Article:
BBC NEWS Americas Africa Europe Middle East South Asia Asia Pacific Arabic Spanish Russian Chinese Welsh
BBCi CATEGORIES   TV   RADIO   COMMUNICATE   WHERE I LIVE   INDEX    SEARCH 

BBC NEWS
 You are in:  World: Americas
Front Page 
World 
Africa 
Americas 
Asia-Pacific 
Europe 
Middle East 
South Asia 
-------------
From Our Own Correspondent 
-------------
Letter From America 
UK 
UK Politics 
Business 
Sci/Tech 
Health 
Education 
Entertainment 
Talking Point 
In Depth 
AudioVideo 


Commonwealth Games 2002

BBC Sport

BBC Weather

SERVICES 
Monday, 13 May, 2002, 12:30 GMT 13:30 UK
Klansman faces trial for church bombing
Bombing scene at Sixteenth Street Baptist Church
The attack was one of the worst of the civil rights era
A former member of the white supremacist Ku Klux Klan movement is to stand trial on Monday over the 1963 bombing of a US church in which four black girls died.

Bobby Frank Cherry is accused of planting dynamite outside the Sixteenth Street Baptist Church in Birmingham, Alabama, in one of the deadliest racial attacks of the civil rights era.


It's been a long time, it's time this chapter comes to a close

Doug Jones, prosecutor
Three 14-year-olds and an 11-year-old were killed in the explosion.

Mr Cherry, 72, was initially ruled mentally unfit to face trial, but a judge reversed the decision earlier this year after examiners said Mr Cherry was faking his condition.

If convicted, the former Klansman faces life imprisonment.

Witnesses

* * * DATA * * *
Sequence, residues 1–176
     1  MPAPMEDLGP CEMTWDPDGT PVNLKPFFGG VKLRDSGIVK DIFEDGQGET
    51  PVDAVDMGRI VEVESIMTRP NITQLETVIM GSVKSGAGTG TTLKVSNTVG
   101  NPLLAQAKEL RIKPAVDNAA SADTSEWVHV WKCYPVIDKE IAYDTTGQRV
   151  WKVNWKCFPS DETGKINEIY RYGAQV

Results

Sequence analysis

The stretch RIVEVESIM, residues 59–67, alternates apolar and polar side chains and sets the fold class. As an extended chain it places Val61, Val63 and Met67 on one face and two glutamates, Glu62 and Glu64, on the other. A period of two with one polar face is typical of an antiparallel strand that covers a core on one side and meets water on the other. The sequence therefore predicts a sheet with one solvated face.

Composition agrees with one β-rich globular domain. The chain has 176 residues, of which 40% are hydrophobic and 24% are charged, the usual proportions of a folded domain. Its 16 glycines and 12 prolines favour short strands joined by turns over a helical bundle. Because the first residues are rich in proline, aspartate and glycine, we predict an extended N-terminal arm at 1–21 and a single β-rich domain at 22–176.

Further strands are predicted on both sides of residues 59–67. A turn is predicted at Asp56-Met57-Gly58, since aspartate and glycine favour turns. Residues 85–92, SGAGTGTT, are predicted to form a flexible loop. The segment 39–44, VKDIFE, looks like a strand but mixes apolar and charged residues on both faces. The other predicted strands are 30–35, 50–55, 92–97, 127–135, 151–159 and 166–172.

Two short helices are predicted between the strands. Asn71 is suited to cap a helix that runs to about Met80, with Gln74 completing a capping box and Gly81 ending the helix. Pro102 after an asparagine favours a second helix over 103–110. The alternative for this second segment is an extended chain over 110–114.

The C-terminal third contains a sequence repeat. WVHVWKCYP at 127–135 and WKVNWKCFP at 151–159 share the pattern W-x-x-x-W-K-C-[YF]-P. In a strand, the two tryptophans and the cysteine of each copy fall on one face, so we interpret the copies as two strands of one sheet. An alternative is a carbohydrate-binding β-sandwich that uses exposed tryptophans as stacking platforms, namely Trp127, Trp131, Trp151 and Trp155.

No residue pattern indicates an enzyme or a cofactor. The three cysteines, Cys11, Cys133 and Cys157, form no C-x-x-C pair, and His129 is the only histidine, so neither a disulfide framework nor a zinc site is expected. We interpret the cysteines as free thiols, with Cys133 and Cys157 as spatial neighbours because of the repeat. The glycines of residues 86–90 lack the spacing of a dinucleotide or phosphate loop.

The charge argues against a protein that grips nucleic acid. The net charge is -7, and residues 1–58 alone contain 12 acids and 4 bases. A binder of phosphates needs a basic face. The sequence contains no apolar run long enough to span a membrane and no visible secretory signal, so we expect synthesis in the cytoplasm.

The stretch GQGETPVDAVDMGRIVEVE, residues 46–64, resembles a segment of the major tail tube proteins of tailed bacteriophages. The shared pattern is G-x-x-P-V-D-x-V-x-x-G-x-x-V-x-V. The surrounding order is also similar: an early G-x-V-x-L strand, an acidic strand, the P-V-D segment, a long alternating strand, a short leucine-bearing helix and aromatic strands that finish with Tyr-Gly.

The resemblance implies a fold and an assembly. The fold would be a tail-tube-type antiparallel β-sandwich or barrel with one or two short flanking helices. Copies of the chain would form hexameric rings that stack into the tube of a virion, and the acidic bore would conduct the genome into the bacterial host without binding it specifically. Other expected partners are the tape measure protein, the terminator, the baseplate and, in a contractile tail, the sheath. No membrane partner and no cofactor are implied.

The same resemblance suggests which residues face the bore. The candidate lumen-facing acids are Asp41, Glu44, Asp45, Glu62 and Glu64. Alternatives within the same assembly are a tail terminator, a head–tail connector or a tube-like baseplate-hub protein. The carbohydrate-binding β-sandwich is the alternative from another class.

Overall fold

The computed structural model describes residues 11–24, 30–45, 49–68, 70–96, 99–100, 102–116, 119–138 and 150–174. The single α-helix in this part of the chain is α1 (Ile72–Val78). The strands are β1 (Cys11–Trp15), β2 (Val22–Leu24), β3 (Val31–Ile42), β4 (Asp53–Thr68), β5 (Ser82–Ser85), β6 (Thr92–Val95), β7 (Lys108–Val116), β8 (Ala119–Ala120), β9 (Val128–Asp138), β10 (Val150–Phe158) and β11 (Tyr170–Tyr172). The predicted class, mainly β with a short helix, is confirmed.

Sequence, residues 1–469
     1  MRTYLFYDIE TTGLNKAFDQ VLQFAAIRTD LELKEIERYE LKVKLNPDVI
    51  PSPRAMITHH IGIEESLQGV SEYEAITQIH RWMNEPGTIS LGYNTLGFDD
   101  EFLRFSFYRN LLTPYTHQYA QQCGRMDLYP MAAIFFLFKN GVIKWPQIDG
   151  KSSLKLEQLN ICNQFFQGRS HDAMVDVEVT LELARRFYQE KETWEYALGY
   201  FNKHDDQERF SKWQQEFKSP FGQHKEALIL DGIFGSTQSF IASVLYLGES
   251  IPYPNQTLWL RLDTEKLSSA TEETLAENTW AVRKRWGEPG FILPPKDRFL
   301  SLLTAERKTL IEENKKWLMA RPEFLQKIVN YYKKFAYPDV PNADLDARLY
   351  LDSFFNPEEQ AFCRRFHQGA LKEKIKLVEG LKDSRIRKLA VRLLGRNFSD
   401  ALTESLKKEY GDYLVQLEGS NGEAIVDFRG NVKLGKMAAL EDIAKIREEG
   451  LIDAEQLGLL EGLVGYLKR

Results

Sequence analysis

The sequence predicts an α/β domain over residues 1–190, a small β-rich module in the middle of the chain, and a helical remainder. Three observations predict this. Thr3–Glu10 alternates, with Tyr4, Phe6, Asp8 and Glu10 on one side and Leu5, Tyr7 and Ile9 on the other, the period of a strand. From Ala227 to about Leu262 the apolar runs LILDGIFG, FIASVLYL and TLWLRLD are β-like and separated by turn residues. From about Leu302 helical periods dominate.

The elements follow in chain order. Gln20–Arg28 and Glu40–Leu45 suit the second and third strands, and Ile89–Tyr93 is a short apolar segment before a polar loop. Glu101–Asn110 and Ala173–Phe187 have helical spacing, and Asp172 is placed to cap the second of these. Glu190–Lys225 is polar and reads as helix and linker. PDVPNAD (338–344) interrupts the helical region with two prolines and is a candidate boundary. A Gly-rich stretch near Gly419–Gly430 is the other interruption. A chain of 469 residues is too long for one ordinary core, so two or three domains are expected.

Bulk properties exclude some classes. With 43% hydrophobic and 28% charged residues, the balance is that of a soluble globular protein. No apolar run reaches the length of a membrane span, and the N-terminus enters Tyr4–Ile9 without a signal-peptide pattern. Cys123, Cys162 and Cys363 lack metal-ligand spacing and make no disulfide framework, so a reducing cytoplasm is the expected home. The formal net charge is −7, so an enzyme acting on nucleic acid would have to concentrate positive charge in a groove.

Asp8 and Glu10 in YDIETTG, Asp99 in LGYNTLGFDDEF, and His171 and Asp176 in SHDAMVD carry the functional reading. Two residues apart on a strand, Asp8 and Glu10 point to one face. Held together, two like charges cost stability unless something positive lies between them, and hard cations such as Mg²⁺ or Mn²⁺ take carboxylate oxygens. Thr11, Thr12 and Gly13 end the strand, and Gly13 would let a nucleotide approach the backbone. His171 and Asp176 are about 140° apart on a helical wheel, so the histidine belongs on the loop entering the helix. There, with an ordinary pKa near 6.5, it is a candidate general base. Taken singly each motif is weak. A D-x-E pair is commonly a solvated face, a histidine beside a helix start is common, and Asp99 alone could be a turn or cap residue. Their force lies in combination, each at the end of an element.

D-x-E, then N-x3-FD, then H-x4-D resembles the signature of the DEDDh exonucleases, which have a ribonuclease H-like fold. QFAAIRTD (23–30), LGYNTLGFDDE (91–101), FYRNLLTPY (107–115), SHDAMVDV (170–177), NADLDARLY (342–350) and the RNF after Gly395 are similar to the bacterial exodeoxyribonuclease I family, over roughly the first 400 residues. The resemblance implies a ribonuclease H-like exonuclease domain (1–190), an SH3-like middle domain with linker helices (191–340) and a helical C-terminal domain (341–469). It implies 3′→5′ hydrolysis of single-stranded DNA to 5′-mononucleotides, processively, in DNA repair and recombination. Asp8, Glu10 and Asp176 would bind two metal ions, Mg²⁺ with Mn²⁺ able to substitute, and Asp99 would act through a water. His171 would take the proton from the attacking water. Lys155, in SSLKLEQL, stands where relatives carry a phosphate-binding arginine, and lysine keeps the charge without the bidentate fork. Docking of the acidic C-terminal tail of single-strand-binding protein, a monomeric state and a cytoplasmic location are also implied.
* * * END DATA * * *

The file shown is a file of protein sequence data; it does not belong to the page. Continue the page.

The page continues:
Prosecutor Doug Jones said the wait for justice was almost over.

"It's been a long time. It's time this chapter comes to a close," he said.

Bobby Frank Cherry
Mr Cherry feigned mental illness

Among those expected to testify are Mr Cherry's granddaughter, Teresa Stacy, and his ex-wife, Willadean Towns.

Both have said Mr Cherry admitted his involvement in the attack.

Mr Cherry's lawyer is expected to call other relatives who will say they have never heard the former Klansman confess any connection to the bombing.

Mr Cherry was one of four men identified as suspects in the case by the FBI.

Fellow Klansman Thomas Blanton, was convicted on 2 May, 2001, for his role in the attack and sentenced to life imprisonment.

A third man, Robert Chambliss, was convicted of murder in 1977 and died in prison, while a fourth suspect died without being charged.

See also:

03 Jan 02 | Americas
Klansman 'fit for trial'
17 Jul 01 | Americas
Klansman 'unfit to face trial'
02 May 01 | Americas
KKK man gets life
16 Apr 01 | Americas
Racist church bombing trial opens
18 May 00 | Americas
Klansmen deny church bombing
18 May 00 | Americas
Two accused of racist bombing
22 Sep 00 | Americas
US report admits racism
Internet links:


The BBC is not responsible for the content of external internet sites

Links to more Americas stories are at the foot of the page.


E-mail this story to a friend

Links to more Americas stories